With two weeks to go until the UK goes to the polls, Rebecca O’Keeffe, head of investmentat Interactive Investor, takes a look at implications for markets based around the key scenarios.
Recent opinion polls put the Conservative plus Brexit parties somewhere around 47% support, with Labour circa 29% and the Remain parties around 24%. But even if these numbers could be relied upon to be a true reflection of voting intentions across the country as a whole, the prospects for large regional variations and tactical voting mean that the election outcome is still extremely difficult to call.
There is therefore still a range of potential outcomes that could be delivered on (or after) December 12th.
If there is a majority for the Conservatives, this implies the rapid return of Boris’s Withdrawal Agreement Bill (WAB). The UK equity market would probably take the imminent passage of this bill as a positive, since all Conservative MPs would know they might find themselves in Boris’s eponymous ditch if they didn’t vote for it this time. In this scenario, UK-focused stocks would be likely to do reasonably well, as would sterling, as long as the actual withdrawal was expected to avoid a hard Brexit.
All would not be plain sailing, however, as the market would soon turn its attention to the question of future trade and other arrangements between the EU and the newly independent UK. These really tough negotiations can only begin once the WAB has finally been agreed.
If a Conservative victory came with a customs-union type Brexit, this would probably be modestly positive for UK focused companies, including those in the FTSE-250 or UK smaller companies including AIM. TB Amati UK Smaller Companies Fund and Henderson Smaller Cos Investment Trust may benefit.
It is likely the FTSE-100 wouldn’t do quite as well (in GBP) because of its global nature and the negative correlation between sterling and the value of large global UK-listed stocks.
If a Conservative victory came with a customs-union type Brexit, this would probably be modestly positive for UK focused companies, including those in the FTSE-250 or UK smaller companies including AIM.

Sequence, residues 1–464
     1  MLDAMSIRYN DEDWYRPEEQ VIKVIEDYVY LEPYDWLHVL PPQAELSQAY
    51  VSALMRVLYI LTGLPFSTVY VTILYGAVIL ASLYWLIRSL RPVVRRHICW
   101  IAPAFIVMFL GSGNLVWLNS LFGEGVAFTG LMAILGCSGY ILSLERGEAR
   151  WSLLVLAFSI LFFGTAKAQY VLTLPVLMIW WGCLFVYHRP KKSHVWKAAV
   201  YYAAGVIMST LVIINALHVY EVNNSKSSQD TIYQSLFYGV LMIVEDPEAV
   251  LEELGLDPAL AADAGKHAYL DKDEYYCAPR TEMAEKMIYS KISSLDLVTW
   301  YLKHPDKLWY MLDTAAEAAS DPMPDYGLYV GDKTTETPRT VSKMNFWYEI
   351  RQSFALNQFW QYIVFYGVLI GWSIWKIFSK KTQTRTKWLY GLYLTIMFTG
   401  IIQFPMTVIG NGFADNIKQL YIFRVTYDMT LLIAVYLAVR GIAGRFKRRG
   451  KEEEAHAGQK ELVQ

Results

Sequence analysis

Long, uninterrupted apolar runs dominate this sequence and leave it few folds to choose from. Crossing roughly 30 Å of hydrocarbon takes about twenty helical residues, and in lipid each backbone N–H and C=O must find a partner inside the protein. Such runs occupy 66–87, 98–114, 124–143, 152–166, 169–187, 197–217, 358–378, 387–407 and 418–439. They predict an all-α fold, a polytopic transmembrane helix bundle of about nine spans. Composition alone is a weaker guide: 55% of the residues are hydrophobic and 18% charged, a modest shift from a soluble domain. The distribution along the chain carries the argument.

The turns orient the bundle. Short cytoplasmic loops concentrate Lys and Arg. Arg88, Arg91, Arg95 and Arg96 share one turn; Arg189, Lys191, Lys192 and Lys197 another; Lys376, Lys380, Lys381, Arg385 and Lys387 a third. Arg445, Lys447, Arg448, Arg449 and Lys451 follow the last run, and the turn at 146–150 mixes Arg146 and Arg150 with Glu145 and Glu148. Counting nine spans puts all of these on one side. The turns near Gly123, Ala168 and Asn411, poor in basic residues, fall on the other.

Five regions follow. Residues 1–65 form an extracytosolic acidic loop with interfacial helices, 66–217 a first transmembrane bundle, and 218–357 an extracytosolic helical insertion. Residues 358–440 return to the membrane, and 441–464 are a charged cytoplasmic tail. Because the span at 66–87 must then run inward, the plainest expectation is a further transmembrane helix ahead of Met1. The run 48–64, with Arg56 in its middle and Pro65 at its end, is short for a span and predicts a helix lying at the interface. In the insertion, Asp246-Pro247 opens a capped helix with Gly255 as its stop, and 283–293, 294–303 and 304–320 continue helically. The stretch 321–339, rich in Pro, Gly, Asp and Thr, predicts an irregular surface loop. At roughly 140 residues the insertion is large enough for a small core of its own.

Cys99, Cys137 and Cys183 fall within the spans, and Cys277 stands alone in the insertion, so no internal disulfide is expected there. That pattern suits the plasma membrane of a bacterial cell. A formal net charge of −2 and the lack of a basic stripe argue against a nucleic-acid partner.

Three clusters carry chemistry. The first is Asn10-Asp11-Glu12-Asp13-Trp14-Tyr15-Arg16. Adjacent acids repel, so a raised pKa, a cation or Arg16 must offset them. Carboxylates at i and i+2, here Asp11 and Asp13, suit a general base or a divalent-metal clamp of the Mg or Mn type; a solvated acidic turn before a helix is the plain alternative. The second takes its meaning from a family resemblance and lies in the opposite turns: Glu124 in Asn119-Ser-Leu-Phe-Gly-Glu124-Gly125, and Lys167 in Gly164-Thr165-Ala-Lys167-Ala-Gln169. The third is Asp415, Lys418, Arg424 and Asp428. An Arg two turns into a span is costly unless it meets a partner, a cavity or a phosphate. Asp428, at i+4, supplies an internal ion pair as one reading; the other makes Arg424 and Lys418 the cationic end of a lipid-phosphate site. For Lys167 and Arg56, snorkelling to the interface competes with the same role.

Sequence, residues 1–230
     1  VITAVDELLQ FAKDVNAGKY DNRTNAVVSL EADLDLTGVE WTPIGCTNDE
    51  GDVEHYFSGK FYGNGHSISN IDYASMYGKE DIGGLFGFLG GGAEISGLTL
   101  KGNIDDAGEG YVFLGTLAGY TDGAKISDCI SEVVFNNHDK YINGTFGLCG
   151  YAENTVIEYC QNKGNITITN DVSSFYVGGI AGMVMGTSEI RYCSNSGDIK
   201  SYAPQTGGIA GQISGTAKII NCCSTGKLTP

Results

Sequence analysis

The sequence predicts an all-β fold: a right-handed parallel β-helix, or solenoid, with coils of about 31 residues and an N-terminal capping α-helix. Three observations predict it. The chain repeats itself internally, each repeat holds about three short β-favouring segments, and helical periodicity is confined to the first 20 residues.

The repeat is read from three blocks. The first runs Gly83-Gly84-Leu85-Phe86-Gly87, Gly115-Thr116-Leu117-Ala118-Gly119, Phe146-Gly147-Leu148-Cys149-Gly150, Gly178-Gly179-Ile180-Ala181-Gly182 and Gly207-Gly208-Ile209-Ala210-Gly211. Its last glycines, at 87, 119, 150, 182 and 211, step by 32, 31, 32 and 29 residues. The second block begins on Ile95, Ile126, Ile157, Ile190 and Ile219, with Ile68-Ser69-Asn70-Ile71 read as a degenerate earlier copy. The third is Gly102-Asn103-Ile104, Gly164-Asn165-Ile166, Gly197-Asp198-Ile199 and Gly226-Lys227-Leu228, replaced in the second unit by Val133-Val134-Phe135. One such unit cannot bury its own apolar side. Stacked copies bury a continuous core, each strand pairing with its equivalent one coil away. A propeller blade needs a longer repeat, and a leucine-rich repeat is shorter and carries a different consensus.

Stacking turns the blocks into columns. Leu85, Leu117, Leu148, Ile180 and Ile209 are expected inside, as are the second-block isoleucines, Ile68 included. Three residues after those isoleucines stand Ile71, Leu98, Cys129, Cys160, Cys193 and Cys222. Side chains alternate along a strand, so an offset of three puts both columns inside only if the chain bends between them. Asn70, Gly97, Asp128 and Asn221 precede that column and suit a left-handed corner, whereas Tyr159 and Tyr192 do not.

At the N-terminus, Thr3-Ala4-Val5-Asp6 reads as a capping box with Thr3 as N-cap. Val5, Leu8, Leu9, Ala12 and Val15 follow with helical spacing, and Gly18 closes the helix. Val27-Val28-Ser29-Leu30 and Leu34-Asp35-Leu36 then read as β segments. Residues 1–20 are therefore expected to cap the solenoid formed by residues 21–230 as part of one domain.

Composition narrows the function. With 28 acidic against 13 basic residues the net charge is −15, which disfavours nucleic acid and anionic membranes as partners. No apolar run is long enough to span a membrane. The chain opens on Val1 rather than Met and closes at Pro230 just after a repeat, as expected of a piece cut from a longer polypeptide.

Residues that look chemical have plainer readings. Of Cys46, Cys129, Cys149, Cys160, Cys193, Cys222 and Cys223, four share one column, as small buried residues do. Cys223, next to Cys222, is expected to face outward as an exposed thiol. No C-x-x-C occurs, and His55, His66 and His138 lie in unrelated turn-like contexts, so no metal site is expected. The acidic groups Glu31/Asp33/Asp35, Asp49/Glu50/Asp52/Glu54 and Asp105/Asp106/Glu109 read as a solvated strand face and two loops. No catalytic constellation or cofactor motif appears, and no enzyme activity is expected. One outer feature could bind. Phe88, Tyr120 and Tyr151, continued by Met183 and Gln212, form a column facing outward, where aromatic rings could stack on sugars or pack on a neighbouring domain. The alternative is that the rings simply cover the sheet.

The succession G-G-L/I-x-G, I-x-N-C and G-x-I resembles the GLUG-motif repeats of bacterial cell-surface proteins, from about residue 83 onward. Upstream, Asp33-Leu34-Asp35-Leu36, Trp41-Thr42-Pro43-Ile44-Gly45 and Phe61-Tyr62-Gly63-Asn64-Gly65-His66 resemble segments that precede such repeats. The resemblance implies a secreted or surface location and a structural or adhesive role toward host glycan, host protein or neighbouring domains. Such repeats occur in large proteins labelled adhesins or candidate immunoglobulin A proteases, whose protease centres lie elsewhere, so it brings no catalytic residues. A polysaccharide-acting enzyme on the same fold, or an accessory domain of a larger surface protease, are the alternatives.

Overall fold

A hung parliament is not just one, but many potential outcomes. If things don’t go smoothly for the two major parties, there is every prospect that parties with a clearer Brexit vs Remain message will do well. This appeared to be more of a risk to the Conservatives around the time of the European elections earlier in the year but appears now to be a greater risk to Labour in the current climate.
What might a coalition government look like?
There are three possible coalitions to consider. First, a hard-Brexit alliance of Conservative and Brexit parties. This would undoubtedly get Brexit done, but might also be excruciatingly painful for UK plc if it meant a cleaner break with Europe to satisfy the Brexiteers.
While Johnson and Farage are keen to advocate the same stated aim, their views have diverged markedly since the early Vote Leave campaign. Quite how such a coalition would advance a Withdrawal Agreement Bill and subsequent negotiations with the EU is very hard to call. For example, the ERG might align themselves more closely with Farage’s Brexit Party MPs to pressurise Boris into pursuing a harder Brexit.
Next, a truly No-Overall-Control hung parliament, in which further delay and inability to take any decisions might remain the order of the day. If the only certainty is perpetual procrastination, is that good or bad for UK plc?
Third, a rainbow alliance of pro-Remain parties plus Labour might push through a second people’s vote. This could result in a spectacularly simple resolution of the whole problem, unless of course the people return a similarly narrow majority in favour of Leave.
Very little within these three coalition scenarios looks great, with either a hard Brexit or further Parliamentary paralysis the most likely outcomes.
The potential uncertainty in the event of a hung parliament means that there may be limited good options for UK investors in this scenario. A global fund or trust might be a good option, for example F&C Investment Trust, which has weathered all manner of storms over its 150 plus year history, or Murray International investment trust, which combines growth and income.
Despite Jeremy Corbyn’s Lazarus style recovery in the last election, it would be reasonable to suggest that Labour is very unlikely to get a majority this time around. Such an outcome would therefore be a major shock, causing sterling and UK equities to suffer significant damage.
What to do?
Investors have a choice of individual shares, precious metals, bonds, funds or investment trusts depending on their election view. With a wide range of potential outcomes still a distinct possibility ahead of voting on December 12th the adage caveat emptor is perhaps most appropriate at this stage in the election campaign.
While most investments simply move according to their underlying asset prices, the structure of investment trusts adds an extra layer of potential opportunity or threat. If there is a Conservative victory leading to a moderately sensible Brexit, we may see investment trusts outperforming their underlying holdings – so discounts could narrow or even move to a premium. In the case of a hung Parliament, or a Labour victory, there could be some nasty discounts if market sentiment were to deteriorate sharply.